Both acupuncture and guided imagery hold promise for treating pain. The mechanisms underlying these alternative interventions remain unclear. The reported study aimed to comparatively investigate the modulation effect of actual and imagined acupuncture on the functional connectivity of descending pain modulation system and reward network.
Twenty-four healthy participants (mean [SE], 25.21 [0.77] years of age; 66.67% female) completed a crossover study that included five sessions, a training session and four intervention sessions administered in randomized order. We investigated the modulation effect of real acupuncture, sham acupuncture, video-guided acupuncture imagery treatment (VGAIT) and VGAIT control on the resting state functional connectivity (rsFC) of periaqueductal gray (PAG) and ventral tegmental area (VTA). These are key regions of the descending pain modulatory system (DPMS) and dopaminergic reward system, respectively.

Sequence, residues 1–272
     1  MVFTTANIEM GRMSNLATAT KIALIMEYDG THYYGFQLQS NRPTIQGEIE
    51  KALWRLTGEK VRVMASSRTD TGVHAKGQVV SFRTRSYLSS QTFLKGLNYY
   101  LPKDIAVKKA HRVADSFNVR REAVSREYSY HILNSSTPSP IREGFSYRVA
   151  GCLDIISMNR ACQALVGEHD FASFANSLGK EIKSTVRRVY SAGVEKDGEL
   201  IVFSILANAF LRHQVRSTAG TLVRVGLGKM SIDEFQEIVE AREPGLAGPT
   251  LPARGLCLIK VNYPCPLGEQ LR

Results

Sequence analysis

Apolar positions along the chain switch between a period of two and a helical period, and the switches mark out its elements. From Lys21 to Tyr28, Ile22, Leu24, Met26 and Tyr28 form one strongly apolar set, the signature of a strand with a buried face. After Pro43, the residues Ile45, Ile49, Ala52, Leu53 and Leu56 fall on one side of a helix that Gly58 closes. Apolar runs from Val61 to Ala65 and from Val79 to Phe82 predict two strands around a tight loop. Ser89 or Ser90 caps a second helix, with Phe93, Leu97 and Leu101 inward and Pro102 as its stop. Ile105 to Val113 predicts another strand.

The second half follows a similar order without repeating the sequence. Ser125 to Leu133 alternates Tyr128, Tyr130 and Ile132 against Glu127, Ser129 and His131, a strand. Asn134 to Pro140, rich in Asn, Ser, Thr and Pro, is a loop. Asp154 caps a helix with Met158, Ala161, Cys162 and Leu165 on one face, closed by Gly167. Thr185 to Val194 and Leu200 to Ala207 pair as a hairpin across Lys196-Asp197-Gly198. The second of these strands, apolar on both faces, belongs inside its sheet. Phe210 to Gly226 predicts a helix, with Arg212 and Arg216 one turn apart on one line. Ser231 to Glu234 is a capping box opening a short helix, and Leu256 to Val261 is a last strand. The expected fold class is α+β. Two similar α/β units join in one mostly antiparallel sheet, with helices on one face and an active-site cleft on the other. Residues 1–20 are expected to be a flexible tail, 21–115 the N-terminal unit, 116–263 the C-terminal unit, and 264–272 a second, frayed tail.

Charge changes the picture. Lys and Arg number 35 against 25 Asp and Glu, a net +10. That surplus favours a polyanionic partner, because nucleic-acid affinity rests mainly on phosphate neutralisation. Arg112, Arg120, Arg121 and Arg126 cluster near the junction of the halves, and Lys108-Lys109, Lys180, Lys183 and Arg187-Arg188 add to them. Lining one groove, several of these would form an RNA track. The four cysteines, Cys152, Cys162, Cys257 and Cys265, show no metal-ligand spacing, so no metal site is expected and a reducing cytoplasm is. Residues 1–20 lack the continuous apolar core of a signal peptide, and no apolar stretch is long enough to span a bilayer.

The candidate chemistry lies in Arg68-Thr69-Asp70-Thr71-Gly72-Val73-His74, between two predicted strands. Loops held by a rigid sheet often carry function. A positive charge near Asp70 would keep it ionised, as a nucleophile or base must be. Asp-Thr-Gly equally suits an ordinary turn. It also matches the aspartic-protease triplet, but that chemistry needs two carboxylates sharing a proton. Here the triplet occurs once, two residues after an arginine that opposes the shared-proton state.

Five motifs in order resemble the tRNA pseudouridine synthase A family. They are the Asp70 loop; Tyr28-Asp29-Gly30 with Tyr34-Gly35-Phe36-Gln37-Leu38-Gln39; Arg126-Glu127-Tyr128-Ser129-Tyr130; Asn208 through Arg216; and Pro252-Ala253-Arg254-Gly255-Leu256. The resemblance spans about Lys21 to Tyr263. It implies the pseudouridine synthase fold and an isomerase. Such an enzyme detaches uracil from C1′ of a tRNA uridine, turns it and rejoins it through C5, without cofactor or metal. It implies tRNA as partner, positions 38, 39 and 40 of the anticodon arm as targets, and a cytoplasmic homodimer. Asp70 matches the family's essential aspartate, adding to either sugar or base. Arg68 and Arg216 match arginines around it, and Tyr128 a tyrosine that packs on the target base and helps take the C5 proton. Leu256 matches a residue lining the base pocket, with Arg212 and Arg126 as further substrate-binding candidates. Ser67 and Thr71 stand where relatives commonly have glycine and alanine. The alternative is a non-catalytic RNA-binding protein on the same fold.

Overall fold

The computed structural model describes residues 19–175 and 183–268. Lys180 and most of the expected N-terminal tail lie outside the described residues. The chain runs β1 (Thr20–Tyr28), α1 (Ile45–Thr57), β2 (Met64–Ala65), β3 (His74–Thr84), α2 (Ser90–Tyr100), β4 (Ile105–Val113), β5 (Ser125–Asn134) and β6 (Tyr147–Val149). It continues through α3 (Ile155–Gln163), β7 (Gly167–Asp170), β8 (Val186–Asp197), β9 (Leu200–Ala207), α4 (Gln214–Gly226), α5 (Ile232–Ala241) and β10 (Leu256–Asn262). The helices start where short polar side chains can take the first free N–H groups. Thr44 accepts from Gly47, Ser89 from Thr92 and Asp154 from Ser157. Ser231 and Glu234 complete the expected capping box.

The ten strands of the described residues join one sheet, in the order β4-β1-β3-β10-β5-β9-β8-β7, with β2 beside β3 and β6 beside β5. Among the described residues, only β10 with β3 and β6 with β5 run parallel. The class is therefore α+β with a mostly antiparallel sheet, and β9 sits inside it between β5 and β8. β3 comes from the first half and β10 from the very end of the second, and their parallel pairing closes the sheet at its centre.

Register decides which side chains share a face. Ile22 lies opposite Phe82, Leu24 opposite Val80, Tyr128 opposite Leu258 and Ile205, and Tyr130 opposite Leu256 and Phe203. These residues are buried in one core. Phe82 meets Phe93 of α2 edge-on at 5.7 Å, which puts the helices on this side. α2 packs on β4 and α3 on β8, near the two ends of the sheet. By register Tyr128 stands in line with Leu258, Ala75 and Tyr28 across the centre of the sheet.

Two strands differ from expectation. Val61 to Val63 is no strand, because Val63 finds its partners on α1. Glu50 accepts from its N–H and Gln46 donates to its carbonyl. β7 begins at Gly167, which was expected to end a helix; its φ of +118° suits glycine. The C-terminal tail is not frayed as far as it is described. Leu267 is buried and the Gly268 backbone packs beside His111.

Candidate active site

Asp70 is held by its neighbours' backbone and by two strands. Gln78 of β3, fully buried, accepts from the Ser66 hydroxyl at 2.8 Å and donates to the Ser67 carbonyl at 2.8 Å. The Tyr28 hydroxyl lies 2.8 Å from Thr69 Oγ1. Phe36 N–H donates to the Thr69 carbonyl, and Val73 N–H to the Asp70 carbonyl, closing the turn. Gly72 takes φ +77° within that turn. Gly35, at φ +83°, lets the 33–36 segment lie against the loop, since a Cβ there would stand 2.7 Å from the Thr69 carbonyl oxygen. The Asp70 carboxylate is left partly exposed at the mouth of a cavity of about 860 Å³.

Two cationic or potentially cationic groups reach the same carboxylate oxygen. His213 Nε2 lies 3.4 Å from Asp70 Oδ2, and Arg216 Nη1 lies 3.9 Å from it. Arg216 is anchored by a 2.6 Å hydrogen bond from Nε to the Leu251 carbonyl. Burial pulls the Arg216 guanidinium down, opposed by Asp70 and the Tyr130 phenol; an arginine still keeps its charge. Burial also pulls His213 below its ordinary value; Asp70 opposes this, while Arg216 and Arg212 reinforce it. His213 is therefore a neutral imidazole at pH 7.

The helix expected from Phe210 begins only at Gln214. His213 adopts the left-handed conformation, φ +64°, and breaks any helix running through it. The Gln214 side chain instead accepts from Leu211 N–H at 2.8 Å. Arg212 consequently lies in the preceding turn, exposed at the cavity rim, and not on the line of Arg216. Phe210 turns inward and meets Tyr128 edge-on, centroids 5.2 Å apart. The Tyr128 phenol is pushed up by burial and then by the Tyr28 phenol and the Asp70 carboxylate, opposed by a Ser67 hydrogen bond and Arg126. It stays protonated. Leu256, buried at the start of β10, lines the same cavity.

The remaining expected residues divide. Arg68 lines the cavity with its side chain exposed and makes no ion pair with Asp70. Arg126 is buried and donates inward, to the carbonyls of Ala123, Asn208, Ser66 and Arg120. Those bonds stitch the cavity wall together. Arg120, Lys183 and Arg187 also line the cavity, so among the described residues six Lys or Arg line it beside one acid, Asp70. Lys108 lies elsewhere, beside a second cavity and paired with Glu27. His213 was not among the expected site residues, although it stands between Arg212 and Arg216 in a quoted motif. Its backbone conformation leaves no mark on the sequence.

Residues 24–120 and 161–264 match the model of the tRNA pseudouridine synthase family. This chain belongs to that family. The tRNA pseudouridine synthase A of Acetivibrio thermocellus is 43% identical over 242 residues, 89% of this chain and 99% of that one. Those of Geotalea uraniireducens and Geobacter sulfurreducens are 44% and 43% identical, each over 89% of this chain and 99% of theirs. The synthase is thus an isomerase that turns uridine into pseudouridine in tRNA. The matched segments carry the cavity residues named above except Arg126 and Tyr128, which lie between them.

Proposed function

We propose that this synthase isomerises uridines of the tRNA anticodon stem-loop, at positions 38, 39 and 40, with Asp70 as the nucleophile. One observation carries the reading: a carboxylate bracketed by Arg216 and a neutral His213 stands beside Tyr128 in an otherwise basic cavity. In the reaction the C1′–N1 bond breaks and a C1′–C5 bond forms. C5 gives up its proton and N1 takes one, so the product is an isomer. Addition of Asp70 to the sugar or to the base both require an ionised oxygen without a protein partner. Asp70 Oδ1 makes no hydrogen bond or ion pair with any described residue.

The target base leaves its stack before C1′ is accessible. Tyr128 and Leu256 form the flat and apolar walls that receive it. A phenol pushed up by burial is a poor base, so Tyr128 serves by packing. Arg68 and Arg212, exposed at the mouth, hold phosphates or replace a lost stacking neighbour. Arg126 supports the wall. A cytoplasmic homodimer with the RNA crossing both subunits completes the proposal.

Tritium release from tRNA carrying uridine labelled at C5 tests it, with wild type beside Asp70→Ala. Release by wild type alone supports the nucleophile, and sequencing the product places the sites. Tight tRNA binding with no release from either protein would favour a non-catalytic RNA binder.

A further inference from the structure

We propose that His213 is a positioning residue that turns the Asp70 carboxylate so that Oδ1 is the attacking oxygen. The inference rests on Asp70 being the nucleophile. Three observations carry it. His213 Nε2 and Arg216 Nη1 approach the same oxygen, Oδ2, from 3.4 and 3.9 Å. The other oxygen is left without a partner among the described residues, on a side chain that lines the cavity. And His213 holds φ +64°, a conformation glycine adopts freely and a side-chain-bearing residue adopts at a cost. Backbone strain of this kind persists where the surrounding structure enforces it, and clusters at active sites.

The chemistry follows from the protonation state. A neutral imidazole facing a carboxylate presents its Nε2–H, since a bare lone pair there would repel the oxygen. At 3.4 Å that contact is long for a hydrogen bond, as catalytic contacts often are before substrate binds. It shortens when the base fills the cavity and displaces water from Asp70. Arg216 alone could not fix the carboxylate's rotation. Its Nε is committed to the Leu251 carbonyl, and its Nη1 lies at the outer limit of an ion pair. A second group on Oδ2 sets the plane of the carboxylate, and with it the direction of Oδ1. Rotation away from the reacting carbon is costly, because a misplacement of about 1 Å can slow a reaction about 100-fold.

Compared with sham acupuncture, real acupuncture produced decreased PAG-precuneus (Pcu) rsFC and increased VTA-amygdala/hippocampus rsFC. Heat pain threshold changes applied on the contralateral forearm were significantly associated with the decreased PAG-Pcu (r = 0.49, p = 0.016) and increased VTA-hippocampus rsFC (r = -0.77, p < 0.001).Compared to VGAIT control, VGAIT produced decreased PAG-paracentral lobule (PCL)/posterior cingulate cortex/Pcu, middle cingulate cortex (MCC), and medial prefrontal cortex rsFC, and decreased VTA-caudate and MCC rsFC.Direct comparison between real acupuncture and VGAIT showed that VGAIT decreased rsFC in PAG-PCL/MCC, VTA-caudate/anterior cingulate cortex/nucleus accumbens, and VTA-MCC.
Results suggest that both actual and imagined acupuncture can modulate key regions in DPMS and reward networks, but through different pathways. Identification of different pain-relief mechanisms may facilitate the development of new pain management methods.

Copyright © 2021 by American Psychosomatic Society.